Important Supplements For Eye Health

Zinc is just so important. It is essential for almost every enzymatic function in the body. Zinc deficiency is particularly for eye health. So, zinc is the number one supplement for improving eye health.
The reason that so many people are zinc deficient is due to modern farming methods. Instead of rotating crops every year or season, we just keep on growing as much as we can from the land by use of artificial fertilizers. The soil is thus mineral deficient and so are the crops which grow from it. Therefore, supplementing with zinc is utterly important.
The common zinc supplements that are sold on the market are zinc oxide, which is poorly absorbed by the body. It is wiser to take zinc as zinc picolinate, in a chelated form for better absorption.
You can test your zinc levels by using a simple 10 second test. Place a few drops of zinc sulphate solution under your tongue. If your zinc levels are fine, you will sense the bitter taste right away. If not, you will not taste anything.
Another supplement to consider for eye issues is chromium. Chromium deficiency causes the ciliary muscle to reduce the amount of glucose being utilized and glucose utilization is essential for optimal eye function and focus. Eggs, molasses, red wine, red grapes, meat fat and heavy cream are all high in chromium. Some foods inhibit chromium, such as fish, kelp, seaweed and chocolate.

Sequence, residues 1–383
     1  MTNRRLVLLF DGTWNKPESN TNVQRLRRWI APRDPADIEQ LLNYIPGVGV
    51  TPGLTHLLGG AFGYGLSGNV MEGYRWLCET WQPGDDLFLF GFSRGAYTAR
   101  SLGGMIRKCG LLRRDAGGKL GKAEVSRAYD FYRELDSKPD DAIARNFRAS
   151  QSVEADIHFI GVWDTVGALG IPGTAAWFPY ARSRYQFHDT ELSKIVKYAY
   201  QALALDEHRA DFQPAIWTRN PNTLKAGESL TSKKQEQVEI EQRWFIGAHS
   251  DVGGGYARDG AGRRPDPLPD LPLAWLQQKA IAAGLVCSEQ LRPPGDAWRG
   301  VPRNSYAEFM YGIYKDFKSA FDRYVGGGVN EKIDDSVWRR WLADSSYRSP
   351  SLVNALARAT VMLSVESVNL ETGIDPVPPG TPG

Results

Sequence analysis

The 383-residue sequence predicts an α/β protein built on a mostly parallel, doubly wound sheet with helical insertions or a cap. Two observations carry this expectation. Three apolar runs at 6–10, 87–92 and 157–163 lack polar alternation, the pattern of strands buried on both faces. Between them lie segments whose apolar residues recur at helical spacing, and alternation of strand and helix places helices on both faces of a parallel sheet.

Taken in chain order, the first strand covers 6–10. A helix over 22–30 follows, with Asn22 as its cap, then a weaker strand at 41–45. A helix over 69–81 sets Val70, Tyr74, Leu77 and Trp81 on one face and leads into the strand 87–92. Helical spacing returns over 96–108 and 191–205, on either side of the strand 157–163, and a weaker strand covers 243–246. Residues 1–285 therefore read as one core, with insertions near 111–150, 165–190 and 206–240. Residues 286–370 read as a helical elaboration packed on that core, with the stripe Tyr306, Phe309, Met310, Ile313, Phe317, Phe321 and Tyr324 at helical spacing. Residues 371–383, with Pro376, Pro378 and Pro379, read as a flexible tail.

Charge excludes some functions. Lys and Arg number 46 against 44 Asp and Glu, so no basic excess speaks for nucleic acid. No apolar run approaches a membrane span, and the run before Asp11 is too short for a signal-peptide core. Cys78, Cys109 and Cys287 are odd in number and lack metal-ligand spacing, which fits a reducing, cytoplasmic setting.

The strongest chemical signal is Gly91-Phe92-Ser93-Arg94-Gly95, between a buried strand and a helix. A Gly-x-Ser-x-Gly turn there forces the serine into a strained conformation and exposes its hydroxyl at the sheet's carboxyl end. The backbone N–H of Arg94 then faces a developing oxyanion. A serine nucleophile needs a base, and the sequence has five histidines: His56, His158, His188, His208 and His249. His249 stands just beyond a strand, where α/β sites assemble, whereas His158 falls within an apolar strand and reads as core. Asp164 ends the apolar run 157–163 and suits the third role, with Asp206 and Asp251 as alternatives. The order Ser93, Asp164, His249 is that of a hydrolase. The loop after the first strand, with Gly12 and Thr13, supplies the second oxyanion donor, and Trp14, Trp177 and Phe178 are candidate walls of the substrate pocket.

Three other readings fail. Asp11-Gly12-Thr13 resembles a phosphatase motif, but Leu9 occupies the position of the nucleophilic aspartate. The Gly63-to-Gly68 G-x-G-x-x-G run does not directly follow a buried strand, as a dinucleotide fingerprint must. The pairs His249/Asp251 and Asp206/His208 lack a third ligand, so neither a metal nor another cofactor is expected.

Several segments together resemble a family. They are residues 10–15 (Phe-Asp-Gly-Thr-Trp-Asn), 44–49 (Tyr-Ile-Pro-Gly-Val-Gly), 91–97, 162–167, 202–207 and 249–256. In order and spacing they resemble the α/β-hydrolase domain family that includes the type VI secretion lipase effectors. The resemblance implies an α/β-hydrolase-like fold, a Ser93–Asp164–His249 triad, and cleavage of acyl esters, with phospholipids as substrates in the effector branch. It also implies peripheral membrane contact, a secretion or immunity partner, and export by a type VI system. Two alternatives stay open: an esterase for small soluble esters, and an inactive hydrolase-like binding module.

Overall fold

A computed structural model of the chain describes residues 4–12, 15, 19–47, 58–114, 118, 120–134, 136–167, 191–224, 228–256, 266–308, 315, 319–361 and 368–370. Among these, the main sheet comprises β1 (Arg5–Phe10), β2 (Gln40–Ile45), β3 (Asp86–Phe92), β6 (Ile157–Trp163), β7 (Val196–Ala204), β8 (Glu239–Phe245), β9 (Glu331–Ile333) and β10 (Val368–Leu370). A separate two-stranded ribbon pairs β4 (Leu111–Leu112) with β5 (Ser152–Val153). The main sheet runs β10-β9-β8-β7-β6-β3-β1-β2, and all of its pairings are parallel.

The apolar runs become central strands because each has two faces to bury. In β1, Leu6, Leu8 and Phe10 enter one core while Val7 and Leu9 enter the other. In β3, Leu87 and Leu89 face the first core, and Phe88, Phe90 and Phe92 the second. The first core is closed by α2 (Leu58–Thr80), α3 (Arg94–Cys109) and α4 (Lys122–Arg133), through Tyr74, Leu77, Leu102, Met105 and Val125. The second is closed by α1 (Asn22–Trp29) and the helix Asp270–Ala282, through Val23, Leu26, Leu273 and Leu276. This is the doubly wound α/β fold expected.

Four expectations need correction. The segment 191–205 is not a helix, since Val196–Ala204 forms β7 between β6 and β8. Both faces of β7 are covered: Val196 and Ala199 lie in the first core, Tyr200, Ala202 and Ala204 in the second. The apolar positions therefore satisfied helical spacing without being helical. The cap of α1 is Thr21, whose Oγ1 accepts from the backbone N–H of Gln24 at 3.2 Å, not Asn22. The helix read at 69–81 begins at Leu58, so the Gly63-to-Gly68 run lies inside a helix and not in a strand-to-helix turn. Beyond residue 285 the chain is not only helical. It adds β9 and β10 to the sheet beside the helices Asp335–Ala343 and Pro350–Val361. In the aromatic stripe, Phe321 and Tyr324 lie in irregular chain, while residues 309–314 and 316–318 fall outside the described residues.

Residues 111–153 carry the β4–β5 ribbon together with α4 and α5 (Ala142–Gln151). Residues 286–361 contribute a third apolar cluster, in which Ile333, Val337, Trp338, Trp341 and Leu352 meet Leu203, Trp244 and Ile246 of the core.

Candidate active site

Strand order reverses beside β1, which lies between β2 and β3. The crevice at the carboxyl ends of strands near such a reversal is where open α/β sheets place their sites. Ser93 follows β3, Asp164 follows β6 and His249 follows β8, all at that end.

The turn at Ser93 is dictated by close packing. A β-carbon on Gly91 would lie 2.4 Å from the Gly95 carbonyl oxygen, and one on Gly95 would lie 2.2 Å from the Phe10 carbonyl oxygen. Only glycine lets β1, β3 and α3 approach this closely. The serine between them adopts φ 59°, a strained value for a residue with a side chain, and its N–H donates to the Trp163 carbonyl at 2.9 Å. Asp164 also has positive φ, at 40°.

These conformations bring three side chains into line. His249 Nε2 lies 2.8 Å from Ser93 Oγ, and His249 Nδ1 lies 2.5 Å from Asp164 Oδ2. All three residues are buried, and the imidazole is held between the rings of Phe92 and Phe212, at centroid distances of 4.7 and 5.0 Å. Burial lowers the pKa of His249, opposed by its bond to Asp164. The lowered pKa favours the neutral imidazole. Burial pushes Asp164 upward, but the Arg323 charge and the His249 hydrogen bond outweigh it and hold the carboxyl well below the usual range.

Another vitamin to consider is folic acid in methyl folate form. If you have the MTHFR genetic mutation, this is especially important, as your body has trouble utilizing folic acid in a basic form.
Vitamin A is good for your eyesight. Did anyone ever tell you to eat carrots for good eyesight? Carrots contain lots of Vitamin A. other foods high in vitamin a are fish, cheese, butter, organ meats and some other types of meat. Also, there is sweet potatoes, kale, turnip greens, winter squash, swiss chard and red bell peppers.
Lutein and zeaxanthin are pigments found in our eyes and in some vegetables. Foods like spinach, kale, parsley, broccoli, green peas, brussels sprouts and pumpkin are good sources.

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